Changes in America: The Marijuana Revolution
Written by: Adam Immel
Over the past 20 years, the United States has slowly transitioned into a much more liberal and progressive stance of one particular drug; Marijuana is slowly being reassessed from the once extremely potent and radical gateway drug it was perceived as for decades, and is now in much more positive light, mostly in thanks to the medical benefits that an estimated 1.4 million have utilized. More recently, states are now legalizing Cannabis for recreational use, beginning with Colorado passing Colorado Amendment 64 by vote in 2012 (officially legalized in 2014). After subsequent votes in midterms, odd years, and the recent election date on November 8th, 2016America now has 8 states and Washington D.C. with complete legalization, and there’s only more to come. Obviously, it seems that in order for legalization to occur, more than the consumer will benefit. With the decriminalization of Cannabis on the rise, one might want to review the effects on state economies and revenue generated for local governments.
In similar fashion to Tobacco products, local state governments are benefitting from Cannabis sale thanks to taxation. In this report, we will use Colorado as our exemplified state. This state has imposed a 2.9% sales tax on both medical and recreational Marijuana. Since legalization, the results and revenue generated due to the popularity of the product have been astounding.
In a fiscal period that ended on June 30th, 2015, Marijuana tax revenue was at $70,000,000, which was almost double revenue from Alcohol (42 million dollars in same period). And serving as a reminder, Colorado isn’t the only one reaping the benefits. Washington state has seen extremely similar results, and now that California is completely in the game, their enormous economy is only bound to grow. These states GDP is only bound to grow now that a new industry is rising.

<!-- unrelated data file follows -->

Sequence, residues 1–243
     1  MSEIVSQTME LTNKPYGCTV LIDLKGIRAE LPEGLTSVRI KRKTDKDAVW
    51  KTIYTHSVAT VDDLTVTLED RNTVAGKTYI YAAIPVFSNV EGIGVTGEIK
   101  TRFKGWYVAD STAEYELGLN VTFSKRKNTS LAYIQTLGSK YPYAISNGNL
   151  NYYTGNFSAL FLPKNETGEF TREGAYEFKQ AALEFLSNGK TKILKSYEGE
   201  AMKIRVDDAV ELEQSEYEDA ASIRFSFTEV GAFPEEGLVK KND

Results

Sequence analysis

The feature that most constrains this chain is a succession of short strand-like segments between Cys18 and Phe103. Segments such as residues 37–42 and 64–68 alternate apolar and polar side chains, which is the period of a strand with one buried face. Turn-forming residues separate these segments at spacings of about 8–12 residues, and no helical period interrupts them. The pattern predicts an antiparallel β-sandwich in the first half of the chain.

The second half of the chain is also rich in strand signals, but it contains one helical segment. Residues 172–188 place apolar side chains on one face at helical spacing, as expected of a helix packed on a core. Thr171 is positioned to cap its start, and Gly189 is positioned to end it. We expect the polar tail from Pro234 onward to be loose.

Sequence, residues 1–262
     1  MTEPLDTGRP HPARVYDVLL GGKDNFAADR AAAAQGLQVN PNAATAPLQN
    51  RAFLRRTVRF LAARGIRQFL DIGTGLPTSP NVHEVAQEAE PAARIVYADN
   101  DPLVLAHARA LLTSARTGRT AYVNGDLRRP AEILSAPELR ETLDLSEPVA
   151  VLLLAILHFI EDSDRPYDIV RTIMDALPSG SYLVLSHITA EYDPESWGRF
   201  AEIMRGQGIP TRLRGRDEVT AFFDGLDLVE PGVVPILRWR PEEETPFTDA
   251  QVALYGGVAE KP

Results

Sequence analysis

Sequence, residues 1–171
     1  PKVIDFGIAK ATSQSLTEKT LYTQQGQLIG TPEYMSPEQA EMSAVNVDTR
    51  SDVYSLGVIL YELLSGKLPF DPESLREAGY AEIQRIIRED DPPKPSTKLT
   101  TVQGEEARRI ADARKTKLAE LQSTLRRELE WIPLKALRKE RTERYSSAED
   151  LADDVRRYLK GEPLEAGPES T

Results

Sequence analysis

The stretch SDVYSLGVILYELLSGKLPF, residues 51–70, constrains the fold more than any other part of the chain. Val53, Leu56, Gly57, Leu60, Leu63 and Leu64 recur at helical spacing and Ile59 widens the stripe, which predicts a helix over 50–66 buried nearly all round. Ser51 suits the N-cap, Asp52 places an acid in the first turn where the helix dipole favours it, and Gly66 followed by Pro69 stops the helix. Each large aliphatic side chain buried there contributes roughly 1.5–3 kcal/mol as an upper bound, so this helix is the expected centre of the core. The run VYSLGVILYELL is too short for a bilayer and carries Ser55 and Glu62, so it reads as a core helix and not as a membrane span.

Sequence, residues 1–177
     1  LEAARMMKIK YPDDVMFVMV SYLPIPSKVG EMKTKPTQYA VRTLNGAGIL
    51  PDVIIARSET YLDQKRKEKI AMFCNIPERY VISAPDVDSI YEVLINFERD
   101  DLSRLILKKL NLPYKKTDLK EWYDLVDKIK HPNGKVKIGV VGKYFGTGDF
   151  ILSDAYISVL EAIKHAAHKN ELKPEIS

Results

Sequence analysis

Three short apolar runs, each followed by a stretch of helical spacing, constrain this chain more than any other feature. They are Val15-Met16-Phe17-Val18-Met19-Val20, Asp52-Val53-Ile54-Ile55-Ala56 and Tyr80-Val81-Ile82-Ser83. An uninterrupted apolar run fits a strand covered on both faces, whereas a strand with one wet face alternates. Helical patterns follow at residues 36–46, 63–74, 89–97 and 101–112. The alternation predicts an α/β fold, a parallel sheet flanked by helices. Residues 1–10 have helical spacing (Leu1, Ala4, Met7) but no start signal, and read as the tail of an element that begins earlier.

Additionally, it’s important to see what fields of funding state governments are aiding with all this money. In the state of Colorado, the generated revenue is being properly allocated to different departments, but the main focus in this state is to benefit the development of schools and education. As described in a government report issued in July of 2015, the first $40 million in excise tax generated was allocated towards the BEST fund, which was created to renew or replace deteriorating public schools. The combined taxes then go on to impact various departments, including the Department of Health Care Policy and Financing, the Department of Human Services, and others.
For Prohibitionists, it’s been hard to find a point to argue the negatives to the Marijuana Revolution. Many argued that crime rate would increase, but in the first 5 years in Colorado, that has not been the case. It’s important to understand that the values of American citizens are changing, and that this change in view of individual liberties must also be seen as a gateway towards economic reliefs for governments. If the felony for Marijuana possession were to be lifted, and the Union became completely in accord with legalization, one can imagine the benefits that could be reaped, based upon the changes experienced by progressive states.
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